Velocity Reviews - Computer Hardware Reviews

Velocity Reviews > Newsgroups > Programming > Python > Horribly noobful string question

Reply
Thread Tools

Horribly noobful string question

 
 
SeNTry
Guest
Posts: n/a
 
      12-13-2005
Hi Everyone,

My first post here as I just begin to learn programming in general and
python in particular. I have all the noobie confused questions, but as I
work thru the tutorials I'm sure I'll find most my answers.

This one is eluding me tho... I am working in the tutorials, writing scripts
as presented and then modifying and expanding on my own to try to learn.
I'm working with one that asks the user to 'guess a number I'm thinking',
and with simple while loop, flow control and operands, returning an answer
to guess again or you got it. I've added a 'playagain' function I've got
working, but what I want is to stop the program from crashing when someone
enters a string value instead of a int value. I know strings are immutable,
and they can be changed to an int equivalent, but I just want the script to
recognize the input as a string and print a simple "that's not a number, try
again' type of message. I can't find the syntax to include in the
if/elif/else block to include a line that says something like,

elif guess == <string>
print "that's not a number! please guess again!"

I know that's not right, but can you see what I'm looking for and offer a
suggestion?

Thanks in advance all.


 
Reply With Quote
 
 
 
 
Fredrik Lundh
Guest
Posts: n/a
 
      12-13-2005
"SeNTry" wrote:

> My first post here as I just begin to learn programming in general and
> python in particular. I have all the noobie confused questions, but as I
> work thru the tutorials I'm sure I'll find most my answers.
>
> This one is eluding me tho... I am working in the tutorials, writing scripts
> as presented and then modifying and expanding on my own to try to learn.
> I'm working with one that asks the user to 'guess a number I'm thinking',
> and with simple while loop, flow control and operands, returning an answer
> to guess again or you got it. I've added a 'playagain' function I've got
> working, but what I want is to stop the program from crashing when someone
> enters a string value instead of a int value. I know strings are immutable,
> and they can be changed to an int equivalent, but I just want the script to
> recognize the input as a string and print a simple "that's not a number, try
> again' type of message. I can't find the syntax to include in the
> if/elif/else block to include a line that says something like,


assuming you're using raw_input() to get the guess, you always
have a string (in python's sense of that word).

what you seem to want is to check if the string contains a number
or not. here's one way to do this:

guess = raw_input("make a guess: ")
if guess == secret:
print "congratulations!"
elif not guess.isdigit():
print "that's not a number! please guess again!"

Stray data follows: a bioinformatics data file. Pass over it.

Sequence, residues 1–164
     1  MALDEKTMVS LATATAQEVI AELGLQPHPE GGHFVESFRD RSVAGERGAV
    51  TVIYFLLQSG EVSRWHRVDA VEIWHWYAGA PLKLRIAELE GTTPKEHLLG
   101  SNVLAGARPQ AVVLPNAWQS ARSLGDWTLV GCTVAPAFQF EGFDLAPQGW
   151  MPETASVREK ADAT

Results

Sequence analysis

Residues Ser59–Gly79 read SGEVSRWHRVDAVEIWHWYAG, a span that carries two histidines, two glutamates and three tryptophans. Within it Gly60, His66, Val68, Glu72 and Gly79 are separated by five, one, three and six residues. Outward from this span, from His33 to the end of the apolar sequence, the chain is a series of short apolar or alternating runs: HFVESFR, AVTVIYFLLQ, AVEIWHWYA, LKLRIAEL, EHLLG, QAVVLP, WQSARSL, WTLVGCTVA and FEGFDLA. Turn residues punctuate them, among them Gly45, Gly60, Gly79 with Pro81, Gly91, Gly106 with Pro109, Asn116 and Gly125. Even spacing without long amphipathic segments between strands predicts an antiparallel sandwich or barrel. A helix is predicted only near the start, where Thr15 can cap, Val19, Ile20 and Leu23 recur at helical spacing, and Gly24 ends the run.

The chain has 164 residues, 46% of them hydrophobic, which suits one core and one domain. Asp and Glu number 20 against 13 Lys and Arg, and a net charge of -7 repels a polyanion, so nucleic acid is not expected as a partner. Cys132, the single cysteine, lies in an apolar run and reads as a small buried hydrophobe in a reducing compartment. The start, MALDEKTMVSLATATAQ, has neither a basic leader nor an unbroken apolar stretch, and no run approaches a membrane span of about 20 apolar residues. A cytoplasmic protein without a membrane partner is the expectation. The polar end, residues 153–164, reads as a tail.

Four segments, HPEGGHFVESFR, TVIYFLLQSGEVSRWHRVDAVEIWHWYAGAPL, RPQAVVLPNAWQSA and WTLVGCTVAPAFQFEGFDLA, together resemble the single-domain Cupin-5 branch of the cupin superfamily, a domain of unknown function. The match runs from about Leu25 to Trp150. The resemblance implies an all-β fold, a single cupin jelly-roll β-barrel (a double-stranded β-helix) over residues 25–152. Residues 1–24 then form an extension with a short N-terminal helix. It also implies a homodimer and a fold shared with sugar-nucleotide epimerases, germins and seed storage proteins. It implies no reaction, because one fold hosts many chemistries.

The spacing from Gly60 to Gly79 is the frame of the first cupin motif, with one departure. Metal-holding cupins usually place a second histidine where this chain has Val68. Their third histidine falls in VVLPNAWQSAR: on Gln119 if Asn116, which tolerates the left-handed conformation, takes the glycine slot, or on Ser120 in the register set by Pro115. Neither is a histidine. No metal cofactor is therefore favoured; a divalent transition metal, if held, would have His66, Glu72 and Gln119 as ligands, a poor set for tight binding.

...

isdigit returns true if the string contains nothing but digits:

>>> help(str.isdigit)


isdigit(...)
S.isdigit() -> bool

Return True if there are only digit characters in S,
False otherwise.

if you're using some other way to read user input, let us know.

</F>



 
Reply With Quote
 
 
 
 
Xavier Morel
Guest
Posts: n/a
 
      12-13-2005
Fredrik Lundh wrote:
> "SeNTry" wrote:
>
>> My first post here as I just begin to learn programming in general and
>> python in particular. I have all the noobie confused questions, but as I
>> work thru the tutorials I'm sure I'll find most my answers.
>>
>> This one is eluding me tho... I am working in the tutorials, writing scripts
>> as presented and then modifying and expanding on my own to try to learn.
>> I'm working with one that asks the user to 'guess a number I'm thinking',
>> and with simple while loop, flow control and operands, returning an answer
>> to guess again or you got it. I've added a 'playagain' function I've got
>> working, but what I want is to stop the program from crashing when someone
>> enters a string value instead of a int value. I know strings are immutable,
>> and they can be changed to an int equivalent, but I just want the script to
>> recognize the input as a string and print a simple "that's not a number, try
>> again' type of message. I can't find the syntax to include in the
>> if/elif/else block to include a line that says something like,

>
> assuming you're using raw_input() to get the guess, you always
> have a string (in python's sense of that word).
>
> what you seem to want is to check if the string contains a number
> or not. here's one way to do this:
>
> guess = raw_input("make a guess: ")
> if guess == secret:
> print "congratulations!"
> elif not guess.isdigit():
> print "that's not a number! please guess again!"
> ...
>


that, or just write something like

guess = raw_input("Make your guess > ")
try:
if int(guess) == secret:
# ok
except ValueError:
# no good
 
Reply With Quote
 
SeNTry
Guest
Posts: n/a
 
      12-15-2005

"Xavier Morel" <(E-Mail Removed)> wrote in message
news:dnn2g8$l12$(E-Mail Removed).9tel.net...
> Fredrik Lundh wrote:
>> "SeNTry" wrote:
>>
>>> My first post here as I just begin to learn programming in general and
>>> python in particular. I have all the noobie confused questions, but as
>>> I
>>> work thru the tutorials I'm sure I'll find most my answers.
>>>
>>> This one is eluding me tho... I am working in the tutorials, writing
>>> scripts
>>> as presented and then modifying and expanding on my own to try to learn.
>>> I'm working with one that asks the user to 'guess a number I'm
>>> thinking',
>>> and with simple while loop, flow control and operands, returning an
>>> answer
>>> to guess again or you got it. I've added a 'playagain' function I've